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Pioneer Life - facts on pioneer’s life

Early pioneers faced a strange life with many difficulties. Travel was slow, mainly by covered wagons large enough to carry a family and its possessions. The pioneers faced hostile Indians and extremes of climate. But most of their problems arose because of the conditions of unsettled land, such as lack of roads. Often, forests had to be cleared to provide farmland and sites for building.

During rainy seasons, wagons stuck in the mud. No bridges existed, and rafts had to be built to cross rivers and streams. Scouts went out to find the best possible routes, and to check whether Indians were in the area. It was relatively easy to build houses in the Appalachian area, because many forests grew there.

Facts on pioneers life: frontier settlement

Facts on pioneers life: pioneer with his family

Facts on pioneer’s life:

An old lithograph shows a frontier settlement

Facts on pioneer’s life:

A pioneer with his family. Their clothes were made from homespun wool and buckskin

Wooden pegs had to be used when no metal nails were available. In the Great Plains, where there were no forests, houses had to be made of earth. The pioneers had no glass. Windows, if any, were made of greased paper. There were no stores on their route, so supplies were precious.

That is the interesting facts on pioneer’s life - goods which the pioneers had to make for themselves included soap, candles, furniture, farming and mining tools, shoes and clothing, and cloth. Dresses and men's shirts were homespun, but most clothes worn by men and children were adopted from the Indians. They included buckskin jackets, trousers and moccasins.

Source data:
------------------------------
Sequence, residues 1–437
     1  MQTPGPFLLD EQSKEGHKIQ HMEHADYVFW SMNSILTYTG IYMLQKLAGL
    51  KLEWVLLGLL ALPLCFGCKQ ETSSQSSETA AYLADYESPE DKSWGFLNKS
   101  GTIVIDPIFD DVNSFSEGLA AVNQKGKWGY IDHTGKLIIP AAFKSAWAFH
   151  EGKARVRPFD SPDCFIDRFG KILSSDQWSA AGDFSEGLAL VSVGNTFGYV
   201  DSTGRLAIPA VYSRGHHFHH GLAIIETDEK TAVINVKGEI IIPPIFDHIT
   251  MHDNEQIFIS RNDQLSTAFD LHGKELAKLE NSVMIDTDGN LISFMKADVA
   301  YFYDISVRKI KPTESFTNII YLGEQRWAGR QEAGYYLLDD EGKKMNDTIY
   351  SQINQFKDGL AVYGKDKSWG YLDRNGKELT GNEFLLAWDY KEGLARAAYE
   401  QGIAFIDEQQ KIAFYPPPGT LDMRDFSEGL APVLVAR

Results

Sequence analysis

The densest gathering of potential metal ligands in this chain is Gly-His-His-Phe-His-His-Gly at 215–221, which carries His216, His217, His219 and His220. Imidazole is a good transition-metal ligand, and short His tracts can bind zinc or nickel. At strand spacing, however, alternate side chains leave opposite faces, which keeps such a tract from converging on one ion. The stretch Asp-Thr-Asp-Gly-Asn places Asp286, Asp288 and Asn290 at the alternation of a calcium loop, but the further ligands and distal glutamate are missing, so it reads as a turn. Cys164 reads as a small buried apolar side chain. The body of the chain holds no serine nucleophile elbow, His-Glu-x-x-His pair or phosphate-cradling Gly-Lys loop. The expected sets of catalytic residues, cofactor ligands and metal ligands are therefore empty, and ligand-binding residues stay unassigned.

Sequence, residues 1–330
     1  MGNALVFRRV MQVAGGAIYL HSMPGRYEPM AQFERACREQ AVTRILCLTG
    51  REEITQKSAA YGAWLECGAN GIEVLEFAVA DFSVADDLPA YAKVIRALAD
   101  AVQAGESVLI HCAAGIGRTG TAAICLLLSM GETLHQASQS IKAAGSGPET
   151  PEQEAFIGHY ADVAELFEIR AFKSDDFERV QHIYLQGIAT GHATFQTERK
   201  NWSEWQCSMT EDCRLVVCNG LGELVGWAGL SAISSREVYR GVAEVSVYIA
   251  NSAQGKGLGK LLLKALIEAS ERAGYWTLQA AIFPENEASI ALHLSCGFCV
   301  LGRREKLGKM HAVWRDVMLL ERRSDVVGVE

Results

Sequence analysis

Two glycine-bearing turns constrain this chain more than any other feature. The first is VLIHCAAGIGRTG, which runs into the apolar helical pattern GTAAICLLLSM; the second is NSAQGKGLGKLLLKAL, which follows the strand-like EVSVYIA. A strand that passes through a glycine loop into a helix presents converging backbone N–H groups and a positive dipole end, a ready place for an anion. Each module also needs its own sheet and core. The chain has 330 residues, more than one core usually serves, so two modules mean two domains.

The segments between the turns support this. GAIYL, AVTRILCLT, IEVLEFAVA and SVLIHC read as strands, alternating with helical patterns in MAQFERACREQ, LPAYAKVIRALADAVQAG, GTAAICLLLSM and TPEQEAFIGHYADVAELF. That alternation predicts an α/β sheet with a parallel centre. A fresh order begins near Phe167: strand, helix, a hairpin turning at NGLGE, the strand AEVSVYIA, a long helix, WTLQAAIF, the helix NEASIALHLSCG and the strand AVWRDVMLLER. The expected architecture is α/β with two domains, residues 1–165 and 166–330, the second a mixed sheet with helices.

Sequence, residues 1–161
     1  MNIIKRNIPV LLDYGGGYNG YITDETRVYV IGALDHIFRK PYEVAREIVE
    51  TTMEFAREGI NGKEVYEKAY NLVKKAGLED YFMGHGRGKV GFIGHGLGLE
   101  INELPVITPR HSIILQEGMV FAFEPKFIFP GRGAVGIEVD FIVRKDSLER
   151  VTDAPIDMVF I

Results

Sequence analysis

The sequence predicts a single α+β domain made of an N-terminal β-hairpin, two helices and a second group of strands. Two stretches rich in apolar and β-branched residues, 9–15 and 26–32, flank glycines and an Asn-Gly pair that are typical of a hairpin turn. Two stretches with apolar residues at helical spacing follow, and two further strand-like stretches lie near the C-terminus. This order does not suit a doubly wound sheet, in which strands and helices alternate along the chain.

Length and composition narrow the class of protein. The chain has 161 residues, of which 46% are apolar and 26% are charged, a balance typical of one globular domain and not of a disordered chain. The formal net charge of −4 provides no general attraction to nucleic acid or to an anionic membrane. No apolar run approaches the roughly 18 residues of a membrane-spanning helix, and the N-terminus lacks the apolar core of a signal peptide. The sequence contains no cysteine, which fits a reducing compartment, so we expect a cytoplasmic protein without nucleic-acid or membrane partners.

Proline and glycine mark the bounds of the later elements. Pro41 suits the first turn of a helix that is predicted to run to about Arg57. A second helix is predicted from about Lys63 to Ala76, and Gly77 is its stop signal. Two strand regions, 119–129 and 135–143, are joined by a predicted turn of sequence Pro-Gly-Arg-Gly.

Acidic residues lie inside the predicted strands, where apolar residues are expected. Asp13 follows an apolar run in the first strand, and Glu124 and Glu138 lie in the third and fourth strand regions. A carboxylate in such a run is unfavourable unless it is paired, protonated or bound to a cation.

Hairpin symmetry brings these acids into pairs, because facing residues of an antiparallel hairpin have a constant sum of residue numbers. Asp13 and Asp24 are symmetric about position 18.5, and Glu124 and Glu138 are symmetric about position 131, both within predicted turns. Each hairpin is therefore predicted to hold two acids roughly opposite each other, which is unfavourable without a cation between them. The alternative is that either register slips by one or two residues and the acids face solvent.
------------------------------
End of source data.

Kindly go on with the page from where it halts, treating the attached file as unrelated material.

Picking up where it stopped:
Food was simple. Many dishes, such as cornbread and hominy grits, were based on corn which families brought with them. Baked beans with pork were also a favorite dish. Later, when settlements were founded and gardens were planted, a variety of vegetables became available. These were cooked with meat in large iron pots. Salt was scarce.

Parents educated their own children. Girls were taught by their mothers how to cook, weave cloth and nurse. Fathers taught their sons how to scout, trap animals, chop down trees, fish and farm. Men and women alike knew how to shoot rifles. Life inside the one-roomed houses centered around the fire, the source of heat and light.

Fun came mainly in the form of music and dancing. Men also enjoyed shooting matches, archery and wrestling. But most entertainment was connected with work as well as play. Husking bees were held, women made quilts and all enjoyed house and barn raising parties.

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